In the beginning I think we were just angry kids expressing our teenage angst through music. And I guess it never stopped being fun to play angry music. I know some people think it’s like therapy and I don’t think they are wrong. As adults I think we have grown an interest in exploring the darkness further more, looking deeper into it and using songwriting as our platform. But at least for me music has always been an important part of my life and I couldn’t imagine a world without it. For me it was very natural to pick up a guitar when I was a youngster and very early on I started to express myself through music.
Who were your early influences and inspirations?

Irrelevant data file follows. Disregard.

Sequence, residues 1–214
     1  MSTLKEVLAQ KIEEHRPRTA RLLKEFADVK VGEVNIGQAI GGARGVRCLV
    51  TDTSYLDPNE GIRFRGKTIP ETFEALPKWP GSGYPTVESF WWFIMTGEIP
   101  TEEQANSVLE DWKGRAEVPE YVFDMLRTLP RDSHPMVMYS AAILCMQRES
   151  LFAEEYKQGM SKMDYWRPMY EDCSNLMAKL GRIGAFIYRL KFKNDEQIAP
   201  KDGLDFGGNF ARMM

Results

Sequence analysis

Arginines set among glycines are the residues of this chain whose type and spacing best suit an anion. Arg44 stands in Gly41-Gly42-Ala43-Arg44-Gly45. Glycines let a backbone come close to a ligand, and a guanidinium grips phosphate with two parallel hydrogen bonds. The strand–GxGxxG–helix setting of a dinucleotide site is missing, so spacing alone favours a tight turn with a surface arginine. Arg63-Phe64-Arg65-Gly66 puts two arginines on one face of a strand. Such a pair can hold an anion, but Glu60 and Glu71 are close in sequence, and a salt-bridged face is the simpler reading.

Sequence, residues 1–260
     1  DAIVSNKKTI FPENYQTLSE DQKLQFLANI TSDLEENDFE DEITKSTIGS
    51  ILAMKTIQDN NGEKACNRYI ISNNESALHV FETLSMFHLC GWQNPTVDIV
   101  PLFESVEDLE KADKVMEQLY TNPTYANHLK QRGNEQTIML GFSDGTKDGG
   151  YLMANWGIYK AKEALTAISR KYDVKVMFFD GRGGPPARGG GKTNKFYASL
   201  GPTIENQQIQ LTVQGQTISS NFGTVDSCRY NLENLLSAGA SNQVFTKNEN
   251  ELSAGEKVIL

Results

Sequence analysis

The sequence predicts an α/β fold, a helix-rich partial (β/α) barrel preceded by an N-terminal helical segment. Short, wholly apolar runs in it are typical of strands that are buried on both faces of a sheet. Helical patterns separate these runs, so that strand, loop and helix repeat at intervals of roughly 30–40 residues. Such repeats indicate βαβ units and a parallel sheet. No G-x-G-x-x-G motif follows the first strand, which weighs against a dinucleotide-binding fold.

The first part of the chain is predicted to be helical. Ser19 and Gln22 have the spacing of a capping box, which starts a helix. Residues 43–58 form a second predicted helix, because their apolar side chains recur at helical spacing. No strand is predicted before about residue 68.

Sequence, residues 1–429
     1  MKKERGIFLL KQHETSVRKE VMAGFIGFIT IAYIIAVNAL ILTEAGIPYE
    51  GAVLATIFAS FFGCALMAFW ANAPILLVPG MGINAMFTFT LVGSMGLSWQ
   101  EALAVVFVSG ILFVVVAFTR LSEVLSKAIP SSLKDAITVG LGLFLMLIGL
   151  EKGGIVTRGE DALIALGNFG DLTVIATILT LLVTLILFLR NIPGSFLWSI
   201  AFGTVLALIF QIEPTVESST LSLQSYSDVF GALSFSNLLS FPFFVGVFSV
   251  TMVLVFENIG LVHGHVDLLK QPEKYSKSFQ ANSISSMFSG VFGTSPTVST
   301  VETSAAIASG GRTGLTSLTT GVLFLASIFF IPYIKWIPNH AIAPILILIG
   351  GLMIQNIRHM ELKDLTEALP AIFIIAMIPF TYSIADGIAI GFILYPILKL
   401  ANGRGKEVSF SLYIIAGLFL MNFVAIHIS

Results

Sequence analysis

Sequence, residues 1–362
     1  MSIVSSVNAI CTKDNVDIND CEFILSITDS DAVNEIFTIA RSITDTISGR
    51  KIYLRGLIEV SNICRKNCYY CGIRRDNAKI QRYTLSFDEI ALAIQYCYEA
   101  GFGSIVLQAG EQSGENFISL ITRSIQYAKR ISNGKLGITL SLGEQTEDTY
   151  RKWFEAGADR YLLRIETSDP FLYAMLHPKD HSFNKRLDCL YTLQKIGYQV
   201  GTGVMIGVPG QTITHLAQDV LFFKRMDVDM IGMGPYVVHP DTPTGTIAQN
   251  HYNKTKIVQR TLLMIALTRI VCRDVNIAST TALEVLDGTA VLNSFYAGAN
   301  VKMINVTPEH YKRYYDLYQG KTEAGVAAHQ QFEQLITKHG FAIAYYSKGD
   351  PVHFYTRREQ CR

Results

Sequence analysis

When I met the other guys, all of us were big Slayer fans and I think they influenced us a lot in the beginning, but not so much anymore. Many of our inspirations don’t necessarily come from other bands but rather philosophical ideas that we discuss with each other from time to time. We also have literature and real-life experiences
as a source of inspirations to write our music. But if I boil it down I think we just want to write good music and use our own ears and judgement as a guideline.
What’s the first concert you attended as a fan?
We were big fans of the hardcore scene during the early days and there was an uprising of hardcore bands in our hometown during that period. We would spend our weekends on local place called Skylten, roughly translated to “The Sign,” watching hardcore bands from all over the world. I think that it gave us the idea that you don’t have to be a big famous band to tour the world and that you could just get in a van and start booking shows. Watching these bands play their brains out
every weekend was a great motivational kickstarter for us in the early days.